Personal loans can range from as little as $1,000 to as high as $100,000. APRs vary widely among lenders and are based on the borrower’s (or co-signer’s) credit history, annual income, repayment term selected, and type of interest rate chosen. Some personal loans even come with money saving automatic payment discounts and loyalty discounts.

Tip: Some lenders charge upfront fees, which add to the total cost of the loan, so be sure to take that into account before choosing a lender.

A really nice feature for personal loans is how quick and easy the process can be. If you submit a completed loan application, you can receive a decision in a matter of minutes, and if approved, receive funds in your bank account as soon as the next business day, provided your application has no typos or errors.

Now that the holidays are over, you may be suffering from the post-holiday credit card blues. If so, check out a personal loan for credit relief from U-fi From Nelnet’s partner. It just may be what the doctor ordered.

Thinking about applying for a new private student loan, or refinancing your existing federal and private student loans? Expect the lender to check your credit history and credit score. They do this to ensure you are not a credit risk. You can proactively take steps to improve your credit health and raise your credit score. Start with understanding what’s in your credit report, and what student loan lenders are looking for.

What is Credit?

Have you ever taken out a student loan or credit card? If so, you entered into an agreement to receive funds that must be paid back later. Unlike credit cards, student loans are repaid in installments over a set number of payments. This term is usually 5 to 25 years.

When you take out a student loan, most lenders or servicers notify at least one of the three major credit reporting agencies. These are Equifax, Experian, or TransUnion. They do this so they can include the new account on your credit report as a trade line. Each trade line contains detailed information. This information includes account name and number, loan type, date opened, original and current balance, payment status, and monthly payment.

The lender or servicer notifies the credit agencies of all loan activity. This activity includes payment date, amount of payment applied to principal and interest, and timeliness of payments. The credit agency records this information, which makes up part of your credit history.

Understanding Your Credit Report

While each credit reporting agency’s reporting format may be slightly different, they essentially include the same information:

  • Personal Information, such as your name, address (current and previous), Social Security number, date of birth, and other information that identifies who you are.
  • Credit History, including your open and closed accounts, original loan amounts, current balances, and payment history.
  • Public Records, such as delinquent accounts, liens, and bankruptcies. Public records can remain on your credit report for many years, which will affect your ability to obtain future credit.
  • Credit Inquiries, which are placed on your credit report when you request credit. Credit inquiries remain on your file for two years.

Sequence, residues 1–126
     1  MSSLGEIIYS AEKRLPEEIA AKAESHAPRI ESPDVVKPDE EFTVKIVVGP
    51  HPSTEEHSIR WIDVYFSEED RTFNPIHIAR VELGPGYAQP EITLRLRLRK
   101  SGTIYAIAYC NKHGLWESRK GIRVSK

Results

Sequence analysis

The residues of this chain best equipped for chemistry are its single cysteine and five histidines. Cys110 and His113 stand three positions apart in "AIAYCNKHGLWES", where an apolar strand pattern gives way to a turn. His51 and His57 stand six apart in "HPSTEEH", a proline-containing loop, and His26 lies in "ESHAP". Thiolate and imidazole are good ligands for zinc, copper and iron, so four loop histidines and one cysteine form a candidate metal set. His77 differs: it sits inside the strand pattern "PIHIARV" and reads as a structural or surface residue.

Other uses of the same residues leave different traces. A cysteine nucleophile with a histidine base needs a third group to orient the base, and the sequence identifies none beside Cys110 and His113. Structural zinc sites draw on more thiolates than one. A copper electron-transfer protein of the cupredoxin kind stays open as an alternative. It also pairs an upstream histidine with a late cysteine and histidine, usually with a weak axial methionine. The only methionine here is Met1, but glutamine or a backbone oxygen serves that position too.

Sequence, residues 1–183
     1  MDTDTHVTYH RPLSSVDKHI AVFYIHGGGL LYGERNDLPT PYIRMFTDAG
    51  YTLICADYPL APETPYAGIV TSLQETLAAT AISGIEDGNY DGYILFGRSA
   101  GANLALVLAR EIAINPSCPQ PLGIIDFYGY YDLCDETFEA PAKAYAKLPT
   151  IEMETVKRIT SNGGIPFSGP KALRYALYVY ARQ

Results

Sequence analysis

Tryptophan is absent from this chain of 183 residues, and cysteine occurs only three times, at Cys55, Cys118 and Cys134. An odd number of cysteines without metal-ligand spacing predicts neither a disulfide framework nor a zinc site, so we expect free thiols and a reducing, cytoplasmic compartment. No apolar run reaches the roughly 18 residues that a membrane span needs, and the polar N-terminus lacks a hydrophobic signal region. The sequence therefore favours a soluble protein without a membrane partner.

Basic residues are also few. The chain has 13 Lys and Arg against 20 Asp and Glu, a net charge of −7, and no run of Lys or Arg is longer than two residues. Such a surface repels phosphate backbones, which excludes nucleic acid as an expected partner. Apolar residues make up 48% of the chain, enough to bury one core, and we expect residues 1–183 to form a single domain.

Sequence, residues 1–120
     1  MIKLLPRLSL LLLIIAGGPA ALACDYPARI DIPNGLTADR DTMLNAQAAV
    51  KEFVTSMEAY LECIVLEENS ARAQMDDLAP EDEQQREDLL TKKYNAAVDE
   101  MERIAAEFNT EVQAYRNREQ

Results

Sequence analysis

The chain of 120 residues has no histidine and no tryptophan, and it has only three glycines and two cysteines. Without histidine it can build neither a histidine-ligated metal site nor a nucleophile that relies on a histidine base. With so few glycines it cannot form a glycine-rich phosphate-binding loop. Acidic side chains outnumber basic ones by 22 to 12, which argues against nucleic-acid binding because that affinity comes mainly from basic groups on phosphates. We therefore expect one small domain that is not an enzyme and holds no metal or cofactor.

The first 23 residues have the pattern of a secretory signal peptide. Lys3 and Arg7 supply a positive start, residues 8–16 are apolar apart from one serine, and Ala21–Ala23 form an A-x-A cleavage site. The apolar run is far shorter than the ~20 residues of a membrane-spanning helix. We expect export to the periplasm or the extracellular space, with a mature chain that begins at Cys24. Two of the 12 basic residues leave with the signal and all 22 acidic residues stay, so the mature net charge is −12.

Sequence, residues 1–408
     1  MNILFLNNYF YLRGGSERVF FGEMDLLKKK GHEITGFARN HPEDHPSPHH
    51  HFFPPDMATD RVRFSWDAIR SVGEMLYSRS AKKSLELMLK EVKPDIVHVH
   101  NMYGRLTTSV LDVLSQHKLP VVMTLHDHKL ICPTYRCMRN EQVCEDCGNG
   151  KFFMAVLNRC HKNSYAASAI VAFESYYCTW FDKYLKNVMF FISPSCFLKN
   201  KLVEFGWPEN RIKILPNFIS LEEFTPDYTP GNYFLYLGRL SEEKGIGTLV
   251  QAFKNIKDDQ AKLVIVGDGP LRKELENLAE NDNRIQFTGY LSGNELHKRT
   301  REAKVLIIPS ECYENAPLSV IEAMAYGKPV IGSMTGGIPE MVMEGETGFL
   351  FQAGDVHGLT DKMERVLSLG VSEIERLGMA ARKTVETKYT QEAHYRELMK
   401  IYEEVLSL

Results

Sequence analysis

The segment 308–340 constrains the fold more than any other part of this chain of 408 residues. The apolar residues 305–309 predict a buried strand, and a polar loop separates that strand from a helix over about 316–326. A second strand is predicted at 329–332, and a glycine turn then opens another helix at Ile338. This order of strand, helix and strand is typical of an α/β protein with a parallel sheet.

Tip: Federal law entitles you to a free copy of your credit report each year from all three credit reporting agencies. Take advantage of this and check your report from each credit bureau annually. This ensures your personal information is accurate and up to date. To get a free credit report, visit www.AnnualCreditReport.com or call 877-FACTACT. If something on your report looks inaccurate, be sure to contact the credit agency immediately to have it addressed. Unfortunately, the credit reports will not include your credit score.

What Student Loan Lenders Look For When Checking Your Credit

When making a credit decision, private student loan lenders check your credit report and credit score. They do this to determine whether you are an acceptable risk, and what interest rate they should charge you. If you have a cosigner, lender checks their credit report and credit score too.  Most lenders, like U-fi From Nelnet, will want to see an adequate credit history, a track record of making on-time payments, how much debt you have outstanding, and a good credit score. Lenders also ask how much income you have to determine whether you, or your cosigner, have enough monthly income to make monthly payments.

To increase your chances of being approved and receiving a low interest rate for a new student loan or a student refinance loan, you and/or your cosigner will want to have at least two open trade lines, be no more than 30 days past due on more than one account, and have no public records for the past five years. Most lenders will also want to see a good credit score. While each lender is different, if you have a credit score above 700, you will generally be considered a good credit risk.

Tip: When shopping for a private student loan or student refinance loan you should complete all your applications within a short window (e.g. 30 days), since multiple credit inquiries within a brief time period will have little impact on your credit score.

How Does Your Credit History Affect Your Credit Score?

Your credit score is a number that summarizes your credit risk at any moment in time. While there are several types of credit scores, 90% of lending decisions use a FICO score. Fair Isaac Corporation creates the FICO score. FICO scores range from a low of 300 to a high of 850, with higher being better. FICO scores are made up of the following:

  • 35%: Payment History – have you made your past payments on time?
  • 30%: Amount Owed – how much debt do you owe and how much of your available credit has been used?
  • 15%: Length of Credit History – how long have you been using credit?
  • 10%: New Credit – how much of your debt has been opened recently?
  • 10%: Types of Credit Used – do you have different types of credit such as credit cards, installment loans, and mortgages?

Tip: FICO scores can change from month to month due to several factors. Not having too much debt, and making full payments on time, over a long period gives lenders more confidence you will repay them. That increases the likelihood they will extend you credit at a lower interest rate.

Understanding what’s on your credit report and how it impacts your ability to get a good credit rate is extremely important. If you notice something incorrect on your credit report, call the credit agency immediately. Work with them to correct any problems. A better credit history and higher credit score means a better shot at approval and a low interest rate. Your credit could save you a lot of money on your student loans. It can also ensure additional credit is there for you when you need it most.